“They see themselves as community lenders to the entire ecosystem,” Hargreaves said. “The best analogy is a credit union in a small town, then imagine if it’s not big and the small town is tech.”
The bank required some customers to work exclusively with it to get loans, further centralizing its role in the technology ecosystem. According to one founder, who spoke on condition of anonymity to protect his relationship with the bank, he previously spread his money among different banks until a deal with Silicon Valley Bank forced his company to keep all of its cash there.
Fears of the bank’s collapse spread to other firms and the broader economy on Wall Street and around Washington on Friday. Treasury Secretary Janet L. Yellen said she was monitoring the situation, and White House Council of Economic Advisers Chairwoman Cecilia Rouse said the financial system was ready to deal with these types of bank stress tests set up by the 2008 crisis. shocking”
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Shares of other regional banks fell, including First Republic Bank, which serves the Bay Area and hosts startups and wealthy tech workers.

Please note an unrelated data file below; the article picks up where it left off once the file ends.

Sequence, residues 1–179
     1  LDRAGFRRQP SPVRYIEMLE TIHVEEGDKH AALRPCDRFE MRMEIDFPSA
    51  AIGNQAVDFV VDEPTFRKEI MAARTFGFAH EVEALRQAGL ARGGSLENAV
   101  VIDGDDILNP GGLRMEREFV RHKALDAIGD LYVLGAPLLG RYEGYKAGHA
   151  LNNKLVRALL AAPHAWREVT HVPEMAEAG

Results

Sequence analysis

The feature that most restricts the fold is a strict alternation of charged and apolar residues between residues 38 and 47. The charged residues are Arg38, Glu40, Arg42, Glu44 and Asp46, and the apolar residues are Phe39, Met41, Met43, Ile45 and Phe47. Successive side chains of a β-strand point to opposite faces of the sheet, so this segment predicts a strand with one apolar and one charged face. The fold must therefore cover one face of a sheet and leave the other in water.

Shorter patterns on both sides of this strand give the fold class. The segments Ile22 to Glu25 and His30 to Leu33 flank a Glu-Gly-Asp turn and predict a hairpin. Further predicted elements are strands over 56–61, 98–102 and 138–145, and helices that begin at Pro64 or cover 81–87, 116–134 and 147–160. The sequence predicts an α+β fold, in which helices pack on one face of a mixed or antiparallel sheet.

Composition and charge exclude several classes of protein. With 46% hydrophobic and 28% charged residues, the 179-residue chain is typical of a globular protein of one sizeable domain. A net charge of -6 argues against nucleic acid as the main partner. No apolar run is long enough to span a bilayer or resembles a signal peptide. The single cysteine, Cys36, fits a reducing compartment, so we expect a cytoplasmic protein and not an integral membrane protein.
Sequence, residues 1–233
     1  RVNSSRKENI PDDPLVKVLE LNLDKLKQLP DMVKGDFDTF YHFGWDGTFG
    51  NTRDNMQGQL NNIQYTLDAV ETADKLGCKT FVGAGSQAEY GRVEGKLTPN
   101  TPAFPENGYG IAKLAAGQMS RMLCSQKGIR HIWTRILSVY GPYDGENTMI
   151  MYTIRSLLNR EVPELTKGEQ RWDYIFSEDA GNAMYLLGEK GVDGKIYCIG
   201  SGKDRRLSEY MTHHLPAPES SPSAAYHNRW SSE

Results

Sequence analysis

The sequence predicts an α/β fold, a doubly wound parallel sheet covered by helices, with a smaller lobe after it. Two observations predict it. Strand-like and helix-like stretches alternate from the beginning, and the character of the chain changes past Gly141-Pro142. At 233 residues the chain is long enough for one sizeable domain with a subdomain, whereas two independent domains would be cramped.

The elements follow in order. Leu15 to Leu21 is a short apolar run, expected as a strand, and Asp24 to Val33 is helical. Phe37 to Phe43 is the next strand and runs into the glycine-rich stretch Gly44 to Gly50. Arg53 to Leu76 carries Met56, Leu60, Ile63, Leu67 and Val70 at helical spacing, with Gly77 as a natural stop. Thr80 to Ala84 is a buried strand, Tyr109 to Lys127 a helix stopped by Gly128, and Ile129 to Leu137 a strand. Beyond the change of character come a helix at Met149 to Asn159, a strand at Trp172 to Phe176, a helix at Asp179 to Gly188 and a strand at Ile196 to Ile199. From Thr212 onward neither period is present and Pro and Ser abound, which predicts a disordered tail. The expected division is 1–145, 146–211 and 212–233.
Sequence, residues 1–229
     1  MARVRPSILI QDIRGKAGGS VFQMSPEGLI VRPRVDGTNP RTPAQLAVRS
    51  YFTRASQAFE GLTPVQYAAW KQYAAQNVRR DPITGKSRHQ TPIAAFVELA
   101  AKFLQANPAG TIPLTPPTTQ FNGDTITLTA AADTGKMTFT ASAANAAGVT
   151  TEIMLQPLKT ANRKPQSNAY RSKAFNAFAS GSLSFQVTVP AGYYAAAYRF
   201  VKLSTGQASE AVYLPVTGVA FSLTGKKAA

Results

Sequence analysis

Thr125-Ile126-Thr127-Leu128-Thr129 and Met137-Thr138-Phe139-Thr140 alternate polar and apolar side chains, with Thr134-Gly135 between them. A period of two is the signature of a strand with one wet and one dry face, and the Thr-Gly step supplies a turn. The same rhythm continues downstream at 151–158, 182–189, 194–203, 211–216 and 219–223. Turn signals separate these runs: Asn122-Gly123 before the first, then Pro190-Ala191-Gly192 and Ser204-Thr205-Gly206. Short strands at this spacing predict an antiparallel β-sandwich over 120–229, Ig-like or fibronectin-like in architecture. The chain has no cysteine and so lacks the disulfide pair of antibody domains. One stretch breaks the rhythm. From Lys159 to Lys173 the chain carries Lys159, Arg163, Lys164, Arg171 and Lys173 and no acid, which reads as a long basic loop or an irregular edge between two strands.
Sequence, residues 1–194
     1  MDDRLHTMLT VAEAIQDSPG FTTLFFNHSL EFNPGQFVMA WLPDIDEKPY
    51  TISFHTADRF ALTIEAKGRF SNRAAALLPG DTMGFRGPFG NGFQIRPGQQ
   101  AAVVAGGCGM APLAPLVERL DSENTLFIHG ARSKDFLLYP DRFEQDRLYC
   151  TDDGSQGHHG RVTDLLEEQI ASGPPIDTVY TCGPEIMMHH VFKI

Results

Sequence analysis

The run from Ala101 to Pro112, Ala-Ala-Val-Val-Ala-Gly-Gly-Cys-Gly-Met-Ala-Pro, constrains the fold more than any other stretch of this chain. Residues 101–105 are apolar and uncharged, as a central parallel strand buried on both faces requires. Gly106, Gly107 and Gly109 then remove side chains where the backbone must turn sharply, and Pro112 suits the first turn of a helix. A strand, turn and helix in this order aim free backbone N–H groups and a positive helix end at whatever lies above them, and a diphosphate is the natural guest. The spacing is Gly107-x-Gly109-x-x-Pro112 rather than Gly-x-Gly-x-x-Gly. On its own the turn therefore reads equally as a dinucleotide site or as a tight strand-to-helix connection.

Concerned about the impending collapse of a Silicon Valley bank, a Bay Area startup founder went to First Republic Bank on Friday to move money to Chase, a much larger firm, to beat what he feared could be a run on deposits. The founder, who spoke on condition of anonymity to avoid damaging his relationship with the bank, has tried visiting a more obscure location in Oakland, but said there is still a line out the door of customers asking for a wire.
“I’ve raised a lot of money, and I can’t believe it’s just going to evaporate,” he said in a text message from a conference room at a bank as he waited for the wire to go through. Some of his friends, who are startup founders and bankers at Silicon Valley Bank, “think they’ve lost everything but $250,000,” he wrote. His transfer passed before it was finally terminated.